Stipulated: the perfect travel time for a three-day weekend getaway is four hours. More, and you waste your vacation. Less, and you’re still near home. Hence our series, The Four-Hour Rule, dedicated to revealing the best destinations that are far away, yet still close to home.
Summer in Chicago means lake houses.
If you’re among the lucky ones (or have a generous friend who is), you know the joys of ditching city life and escaping to mellower pastures.
For the rest of you, your summer getaway list should include Lake Geneva, the town wealthy Chicagoans have chosen to summer in for more than a century.
Back when gentlemen with last names like Wrigley and Driehaus were visiting their lakeside mansions, it was easy to get here by train — a train the Chicago Tribune once claimed carried more millionaires than any other in the world.
Now you’ll have to drive, but an hour and a half in the car is well worth it. Here’s what to do once you arrive.
The Villas at Grand Geneva Resort & Spa
Once home to Hugh Hefner’s Playboy Club, these days you’ll likely find more families than bunnies on Grand Geneva Resort & Spa’s 1,300 acres. It’s a couple of miles away from the lake itself, but there are plenty of reasons to lay your head here, first of which are the 29 new villas that’ll debut in June. They range in size — from studios to a three-bedrooms fit for a crew — and come with all the fixins’ of home: a kitchen, washer and dryer and private patio. Jumpstart your day with a cup of coffee there — or drive over to Boxed and Burlap, a new coffeehouse-garden-center hybrid that’ll greet you with cozy, small-town vibes.
Grand Geneva Resort & Spa, 7036 Grand Geneva Way (map)
Also check out: The Abbey Resort
Lake Geneva Cruise Line
The best way to take in Lake Geneva is to get thee onto Lake Geneva. Our recommendation: hit up Lake Geneva Cruise Line and splurge on a small group charter, such as the 41-foot Holland-built Lorelei. You and up to 11 chosen buds can spend the day taking in lake breezes and lavish estates while exchanging friendly waves with fellow boaters from the teakwood-and-mahogany stunner.
Lake Geneva Cruise Line, 812 Wrigley Dr. (map)
Also check out: Lips Rentals
Talk to anyone who’s frequented Lake Geneva over the years and they’ll throw out the names of restaurants that have been around for generations. Some might say it’s high time for newness (no shade to the supper club institutions). You’ll find that at Crafted Americana, the restaurant in the recently renovated Ridge Hotel, formerly the Geneva Ridge Resort. From your Eames-style chair in the swanky dining room, you can choose to keep the experience elevated and order the pork chop served with a peach glaze and truffle potato puree. But passing up the cheese curds, which have been rolled in a New Glarus Spotted Cow batter, would be a miss.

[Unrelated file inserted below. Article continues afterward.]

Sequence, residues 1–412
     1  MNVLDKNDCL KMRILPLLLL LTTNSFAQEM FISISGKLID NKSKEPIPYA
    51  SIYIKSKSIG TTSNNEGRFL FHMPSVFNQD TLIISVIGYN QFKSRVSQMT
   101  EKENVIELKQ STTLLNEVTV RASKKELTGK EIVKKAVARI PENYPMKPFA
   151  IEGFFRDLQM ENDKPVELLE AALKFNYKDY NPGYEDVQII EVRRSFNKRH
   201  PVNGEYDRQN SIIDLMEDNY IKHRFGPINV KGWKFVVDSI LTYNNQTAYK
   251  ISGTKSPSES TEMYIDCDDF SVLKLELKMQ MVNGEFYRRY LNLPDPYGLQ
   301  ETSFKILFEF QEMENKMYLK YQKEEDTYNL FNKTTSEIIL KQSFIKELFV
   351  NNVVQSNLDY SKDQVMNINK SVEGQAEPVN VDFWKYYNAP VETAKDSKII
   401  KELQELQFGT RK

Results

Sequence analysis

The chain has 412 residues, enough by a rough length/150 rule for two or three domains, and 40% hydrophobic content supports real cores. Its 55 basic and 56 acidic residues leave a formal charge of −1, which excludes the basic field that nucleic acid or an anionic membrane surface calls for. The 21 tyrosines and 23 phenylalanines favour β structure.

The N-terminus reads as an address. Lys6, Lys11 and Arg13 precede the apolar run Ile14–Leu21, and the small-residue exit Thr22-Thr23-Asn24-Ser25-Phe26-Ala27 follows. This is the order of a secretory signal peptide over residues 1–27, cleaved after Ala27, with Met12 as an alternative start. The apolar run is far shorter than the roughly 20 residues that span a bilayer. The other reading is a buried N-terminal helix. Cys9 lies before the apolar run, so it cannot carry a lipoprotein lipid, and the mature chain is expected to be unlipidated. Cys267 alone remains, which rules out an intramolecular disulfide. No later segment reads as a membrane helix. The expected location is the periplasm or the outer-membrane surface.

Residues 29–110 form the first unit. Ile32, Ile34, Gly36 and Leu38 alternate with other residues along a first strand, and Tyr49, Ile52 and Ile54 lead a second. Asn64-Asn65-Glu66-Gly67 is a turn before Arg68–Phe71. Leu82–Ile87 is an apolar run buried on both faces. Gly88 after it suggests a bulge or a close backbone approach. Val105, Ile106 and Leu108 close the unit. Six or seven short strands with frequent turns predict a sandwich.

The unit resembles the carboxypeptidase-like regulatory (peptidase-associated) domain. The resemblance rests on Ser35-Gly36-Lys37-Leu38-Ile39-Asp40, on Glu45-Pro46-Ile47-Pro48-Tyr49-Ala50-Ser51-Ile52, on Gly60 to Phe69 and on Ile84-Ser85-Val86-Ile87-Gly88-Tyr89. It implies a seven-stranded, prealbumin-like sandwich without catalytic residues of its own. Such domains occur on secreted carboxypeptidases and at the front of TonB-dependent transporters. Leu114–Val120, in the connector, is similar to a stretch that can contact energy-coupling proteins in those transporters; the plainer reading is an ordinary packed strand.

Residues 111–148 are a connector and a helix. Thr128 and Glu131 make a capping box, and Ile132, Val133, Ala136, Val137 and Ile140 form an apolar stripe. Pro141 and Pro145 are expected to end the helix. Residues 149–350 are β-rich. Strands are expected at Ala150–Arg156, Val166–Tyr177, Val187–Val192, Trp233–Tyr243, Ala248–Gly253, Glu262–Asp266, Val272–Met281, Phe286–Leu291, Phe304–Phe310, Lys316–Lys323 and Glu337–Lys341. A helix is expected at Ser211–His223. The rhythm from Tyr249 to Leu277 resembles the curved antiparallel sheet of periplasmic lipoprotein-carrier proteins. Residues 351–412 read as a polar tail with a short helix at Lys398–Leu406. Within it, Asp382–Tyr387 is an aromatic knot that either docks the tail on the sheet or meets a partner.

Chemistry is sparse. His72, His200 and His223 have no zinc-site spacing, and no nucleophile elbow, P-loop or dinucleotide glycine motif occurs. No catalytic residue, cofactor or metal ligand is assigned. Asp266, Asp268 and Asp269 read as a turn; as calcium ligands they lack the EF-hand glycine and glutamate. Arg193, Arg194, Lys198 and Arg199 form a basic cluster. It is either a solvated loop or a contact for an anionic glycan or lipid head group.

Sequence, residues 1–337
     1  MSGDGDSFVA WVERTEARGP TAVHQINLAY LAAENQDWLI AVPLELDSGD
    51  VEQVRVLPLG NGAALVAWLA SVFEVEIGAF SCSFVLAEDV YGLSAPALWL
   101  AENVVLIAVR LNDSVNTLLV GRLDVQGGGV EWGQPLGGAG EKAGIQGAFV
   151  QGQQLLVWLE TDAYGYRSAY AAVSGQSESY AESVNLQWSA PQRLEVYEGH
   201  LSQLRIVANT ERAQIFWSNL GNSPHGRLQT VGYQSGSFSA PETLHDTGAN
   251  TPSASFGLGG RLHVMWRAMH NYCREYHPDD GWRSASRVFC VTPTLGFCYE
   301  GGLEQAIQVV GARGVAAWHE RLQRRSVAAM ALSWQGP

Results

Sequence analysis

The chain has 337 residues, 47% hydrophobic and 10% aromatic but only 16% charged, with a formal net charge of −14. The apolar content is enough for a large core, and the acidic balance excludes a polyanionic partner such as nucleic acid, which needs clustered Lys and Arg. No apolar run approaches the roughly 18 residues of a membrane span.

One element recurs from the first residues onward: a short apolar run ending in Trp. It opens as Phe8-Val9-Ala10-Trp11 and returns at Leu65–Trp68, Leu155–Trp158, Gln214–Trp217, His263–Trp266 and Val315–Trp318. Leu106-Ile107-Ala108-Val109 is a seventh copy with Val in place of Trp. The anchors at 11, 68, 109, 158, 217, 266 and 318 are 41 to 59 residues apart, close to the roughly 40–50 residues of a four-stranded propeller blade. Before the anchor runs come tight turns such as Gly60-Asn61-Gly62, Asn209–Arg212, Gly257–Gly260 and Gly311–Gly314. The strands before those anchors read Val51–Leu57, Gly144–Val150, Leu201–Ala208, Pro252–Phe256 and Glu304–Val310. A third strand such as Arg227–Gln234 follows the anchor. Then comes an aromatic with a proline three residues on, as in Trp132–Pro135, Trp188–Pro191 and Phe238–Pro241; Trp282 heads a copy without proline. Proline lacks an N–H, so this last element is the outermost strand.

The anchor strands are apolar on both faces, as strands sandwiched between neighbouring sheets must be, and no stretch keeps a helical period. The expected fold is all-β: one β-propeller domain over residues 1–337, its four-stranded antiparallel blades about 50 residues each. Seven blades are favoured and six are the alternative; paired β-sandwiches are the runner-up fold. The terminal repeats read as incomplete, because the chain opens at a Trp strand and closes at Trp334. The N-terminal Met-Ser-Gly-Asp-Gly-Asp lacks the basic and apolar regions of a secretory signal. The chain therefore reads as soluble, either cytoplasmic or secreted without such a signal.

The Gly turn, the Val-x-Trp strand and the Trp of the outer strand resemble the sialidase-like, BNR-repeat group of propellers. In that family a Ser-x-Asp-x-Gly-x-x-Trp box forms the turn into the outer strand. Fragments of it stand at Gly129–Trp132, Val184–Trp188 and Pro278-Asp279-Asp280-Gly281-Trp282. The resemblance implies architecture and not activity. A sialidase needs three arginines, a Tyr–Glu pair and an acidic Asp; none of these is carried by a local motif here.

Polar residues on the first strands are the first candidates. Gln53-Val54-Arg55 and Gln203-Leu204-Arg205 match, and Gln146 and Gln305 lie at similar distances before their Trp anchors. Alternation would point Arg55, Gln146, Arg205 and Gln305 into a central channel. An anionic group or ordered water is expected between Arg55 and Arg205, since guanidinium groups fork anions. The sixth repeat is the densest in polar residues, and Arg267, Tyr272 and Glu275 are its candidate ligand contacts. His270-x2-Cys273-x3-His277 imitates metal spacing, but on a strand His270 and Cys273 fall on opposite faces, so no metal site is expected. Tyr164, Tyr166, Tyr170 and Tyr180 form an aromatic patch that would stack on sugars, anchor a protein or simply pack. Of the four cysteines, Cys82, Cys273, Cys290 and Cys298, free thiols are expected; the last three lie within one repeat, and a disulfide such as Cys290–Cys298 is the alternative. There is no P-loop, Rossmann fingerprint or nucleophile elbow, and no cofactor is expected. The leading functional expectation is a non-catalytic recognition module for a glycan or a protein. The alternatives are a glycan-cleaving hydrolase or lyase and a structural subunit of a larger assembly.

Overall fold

Crafted Americana, W4240 State Highway 50 (map)
Also check out: Mars Resort
The family-owned spot in Williams Bay, on the western end of Lake Geneva, has all the essentials of a solid lake day: kayak and stand-up paddleboard rentals and a restaurant with plenty of lakefront seating. Stake out a seat in the sand and settle in for a few rounds of drinks and dishes featuring locally grown ingredients (remember all of those farms you passed on the drive up?).
Pier 290, 1 Liechty Dr., Williams Bay (map)
Also check out: Oakfire
Despite being a quintessential vacation spot, Lake Geneva is not without culture. Williams Bay is home to this 1897 astronomical observatory, which is easy to spot by its 90-foot dome. Its real claim to fame though is its 40-inch refractor, the world’s largest lens-type telescope. If you time your vacation to line up with one of the designated observing sessions, which happen at night throughout the year, you’ll get a chance to gaze through it.
Yerkes Observatory, 373 W. Geneva St., Williams Bay (map)
Also check out: The Black Point Estate and Gardens
Lake Geneva Shore Path
Small towns are not without their quirks. Here’s one that works to your benefit: Lake Geneva named the 20 feet of land leading up to the shoreline public domain. That no doubt serves as an annoyance to the homeowners who have a near-constant stream of people strolling through their yards. But it’s your win, so get out there and walk. Technically, you could walk around the entire 26-mile path, but unless you’ve got 10 hours, your best bet is to tackle one section, starting at the Lake Geneva Public Library and turning around after a mile or so.
Lake Geneva Public Library, 918 W. Main St. (map)
Also check out: Lake Geneva Canopy Tours